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Sept 12 (Reuters) - Israel Chemicals Ltd (ICL), a Tel Aviv-based maker of fertilizer and specialty chemicals, filed with U.S. regulators to list on the New York Stock Exchange.
ICL set a nominal fundraising target of about $522.4 million though an initial public offering of 62 million ordinary shares, it said in a filing to the U.S. Securities and Exchange Commission. (1.usa.gov/1pd8EV6)
ICL, which has exclusive permits to extract potash and bromine from the Dead Sea, is a subsidiary of Israel Corp and the second largest company on the Tel Aviv Stock Exchange by market value.
ICL was established in 1968 as a government-owned company and was listed on the Tel Aviv exchange in 1992 after the government decided to privatize it.
In 1995, Israel sold its controlling interest to Israel Corp, which now has a 52.4 percent stake in ICL, making it its largest shareholder.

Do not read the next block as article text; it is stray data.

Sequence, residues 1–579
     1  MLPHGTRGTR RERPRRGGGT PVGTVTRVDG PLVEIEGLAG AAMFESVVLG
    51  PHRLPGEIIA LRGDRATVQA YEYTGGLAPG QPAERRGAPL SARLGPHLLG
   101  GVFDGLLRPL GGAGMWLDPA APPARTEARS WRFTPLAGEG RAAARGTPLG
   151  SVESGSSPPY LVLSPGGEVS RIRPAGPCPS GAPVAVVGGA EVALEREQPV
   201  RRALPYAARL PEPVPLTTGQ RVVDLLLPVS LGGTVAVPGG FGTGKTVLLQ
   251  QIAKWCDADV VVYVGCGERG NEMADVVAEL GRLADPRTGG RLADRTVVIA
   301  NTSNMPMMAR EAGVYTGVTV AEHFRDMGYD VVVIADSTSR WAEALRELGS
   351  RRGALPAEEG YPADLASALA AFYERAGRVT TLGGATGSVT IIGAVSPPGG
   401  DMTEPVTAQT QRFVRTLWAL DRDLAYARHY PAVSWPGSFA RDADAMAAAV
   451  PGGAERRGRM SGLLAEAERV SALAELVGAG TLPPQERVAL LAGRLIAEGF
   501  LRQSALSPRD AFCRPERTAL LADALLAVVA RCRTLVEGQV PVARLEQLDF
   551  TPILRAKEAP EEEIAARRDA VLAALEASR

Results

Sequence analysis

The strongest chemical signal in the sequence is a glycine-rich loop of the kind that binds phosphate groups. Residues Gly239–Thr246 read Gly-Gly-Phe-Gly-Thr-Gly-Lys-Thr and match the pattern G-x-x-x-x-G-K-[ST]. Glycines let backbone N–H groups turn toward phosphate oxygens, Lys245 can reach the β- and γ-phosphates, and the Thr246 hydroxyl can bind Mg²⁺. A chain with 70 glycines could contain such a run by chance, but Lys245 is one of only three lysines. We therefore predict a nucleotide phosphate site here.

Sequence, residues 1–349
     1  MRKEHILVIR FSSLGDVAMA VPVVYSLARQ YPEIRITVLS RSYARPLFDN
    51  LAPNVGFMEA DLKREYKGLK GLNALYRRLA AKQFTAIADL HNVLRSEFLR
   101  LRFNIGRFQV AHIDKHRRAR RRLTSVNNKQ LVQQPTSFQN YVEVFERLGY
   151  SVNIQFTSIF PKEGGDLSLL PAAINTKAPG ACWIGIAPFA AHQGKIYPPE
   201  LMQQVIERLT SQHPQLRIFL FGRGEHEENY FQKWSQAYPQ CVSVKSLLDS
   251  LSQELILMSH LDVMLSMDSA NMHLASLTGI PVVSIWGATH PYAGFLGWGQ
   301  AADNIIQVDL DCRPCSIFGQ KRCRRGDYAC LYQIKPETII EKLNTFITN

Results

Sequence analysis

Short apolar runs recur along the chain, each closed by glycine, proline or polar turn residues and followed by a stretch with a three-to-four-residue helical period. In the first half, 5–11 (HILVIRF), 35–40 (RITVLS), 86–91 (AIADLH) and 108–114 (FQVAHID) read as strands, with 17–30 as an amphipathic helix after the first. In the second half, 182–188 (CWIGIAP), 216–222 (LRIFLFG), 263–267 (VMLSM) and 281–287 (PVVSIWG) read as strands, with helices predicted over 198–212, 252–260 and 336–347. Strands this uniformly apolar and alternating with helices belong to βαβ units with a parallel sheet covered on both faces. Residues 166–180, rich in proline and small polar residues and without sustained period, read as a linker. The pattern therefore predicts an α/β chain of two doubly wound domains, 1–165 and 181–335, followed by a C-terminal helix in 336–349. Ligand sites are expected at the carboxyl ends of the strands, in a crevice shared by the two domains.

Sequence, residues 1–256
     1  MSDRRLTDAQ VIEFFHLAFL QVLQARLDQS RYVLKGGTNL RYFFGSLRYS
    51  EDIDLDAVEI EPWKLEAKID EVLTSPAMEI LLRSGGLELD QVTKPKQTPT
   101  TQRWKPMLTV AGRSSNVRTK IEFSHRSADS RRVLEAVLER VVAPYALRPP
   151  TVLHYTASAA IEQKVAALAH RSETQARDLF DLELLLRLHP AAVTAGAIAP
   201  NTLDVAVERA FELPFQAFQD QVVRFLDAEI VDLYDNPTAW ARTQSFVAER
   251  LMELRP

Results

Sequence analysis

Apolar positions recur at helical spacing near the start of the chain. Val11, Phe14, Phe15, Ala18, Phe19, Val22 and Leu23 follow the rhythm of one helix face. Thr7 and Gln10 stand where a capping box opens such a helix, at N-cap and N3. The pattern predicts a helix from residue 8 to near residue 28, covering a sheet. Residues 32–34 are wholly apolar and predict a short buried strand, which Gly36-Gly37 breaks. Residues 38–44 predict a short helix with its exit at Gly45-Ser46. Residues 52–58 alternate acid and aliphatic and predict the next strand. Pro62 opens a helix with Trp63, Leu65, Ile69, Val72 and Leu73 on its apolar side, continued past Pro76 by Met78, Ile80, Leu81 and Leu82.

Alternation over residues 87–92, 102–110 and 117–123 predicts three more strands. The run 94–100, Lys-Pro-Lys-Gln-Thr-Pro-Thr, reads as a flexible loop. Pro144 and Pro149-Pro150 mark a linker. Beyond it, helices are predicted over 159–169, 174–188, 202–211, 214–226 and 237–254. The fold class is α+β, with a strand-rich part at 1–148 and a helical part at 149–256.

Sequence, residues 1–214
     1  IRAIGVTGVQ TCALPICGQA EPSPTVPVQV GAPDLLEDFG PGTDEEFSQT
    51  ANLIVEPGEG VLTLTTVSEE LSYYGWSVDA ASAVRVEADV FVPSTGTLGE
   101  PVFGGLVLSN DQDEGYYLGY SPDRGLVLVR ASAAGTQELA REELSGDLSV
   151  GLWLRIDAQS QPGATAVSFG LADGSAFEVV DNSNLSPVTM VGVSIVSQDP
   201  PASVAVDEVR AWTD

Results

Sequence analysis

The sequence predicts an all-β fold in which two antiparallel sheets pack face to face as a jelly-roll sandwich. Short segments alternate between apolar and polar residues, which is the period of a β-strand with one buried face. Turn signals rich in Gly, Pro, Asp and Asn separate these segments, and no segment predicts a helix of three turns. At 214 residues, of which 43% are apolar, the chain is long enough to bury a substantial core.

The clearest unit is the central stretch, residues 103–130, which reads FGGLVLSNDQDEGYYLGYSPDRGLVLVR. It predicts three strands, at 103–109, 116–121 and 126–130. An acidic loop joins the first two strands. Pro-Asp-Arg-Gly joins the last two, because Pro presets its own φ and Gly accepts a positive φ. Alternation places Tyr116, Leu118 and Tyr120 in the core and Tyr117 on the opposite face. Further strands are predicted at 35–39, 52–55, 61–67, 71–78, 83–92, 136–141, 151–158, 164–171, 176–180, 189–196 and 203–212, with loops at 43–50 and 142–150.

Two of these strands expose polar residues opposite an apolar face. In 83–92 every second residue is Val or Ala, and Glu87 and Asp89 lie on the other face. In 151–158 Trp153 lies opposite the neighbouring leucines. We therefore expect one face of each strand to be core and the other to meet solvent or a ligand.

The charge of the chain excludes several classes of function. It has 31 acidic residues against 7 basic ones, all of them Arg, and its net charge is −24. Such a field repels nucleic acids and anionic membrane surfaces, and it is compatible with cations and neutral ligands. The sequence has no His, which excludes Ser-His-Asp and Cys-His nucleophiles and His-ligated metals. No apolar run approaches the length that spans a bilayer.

However, the Israeli government still holds a special state share in ICL, which gives it the authority to decide on any sale or transfer of assets of the company.
The government for months has been looking to update its royalty and tax policy on non-oil and gas natural resources and, in May, a government panel recommended levying a new tax on mining companies.
ICL, which would be hit hardest, had said that it could be forced to shift its focus abroad if the recommendations are implemented.
ICL’s sales fell 13 percent to $1.54 billion in the quarter ended June 30 due to a drop in both selling prices and quantities sold. The company earned an adjusted profit of $214 million for the period, down from $316 million a year earlier.
Potash Corp of Saskatchewan Inc’s Israeli subsidiary holds a 13.86 percent interest in ICL, making it the second biggest shareholder in the company.
That stake will be unchanged after ICL’s U.S. listing, but Israel Corp’s stake will fall to 46.68 percent.
Morgan Stanley and Barclays are the lead underwriters for the IPO, ICL said.
The company said it will list its stock under the symbol “ICL” on the NYSE, but did not reveal the expected price of their shares.
The amount of money a company says it plans to raise in its first IPO filings is used to calculate registration fees. The final size of the IPO could be different. (Reporting by Amrutha Gayathri in Bangalore; Editing by Savio D‘Souza)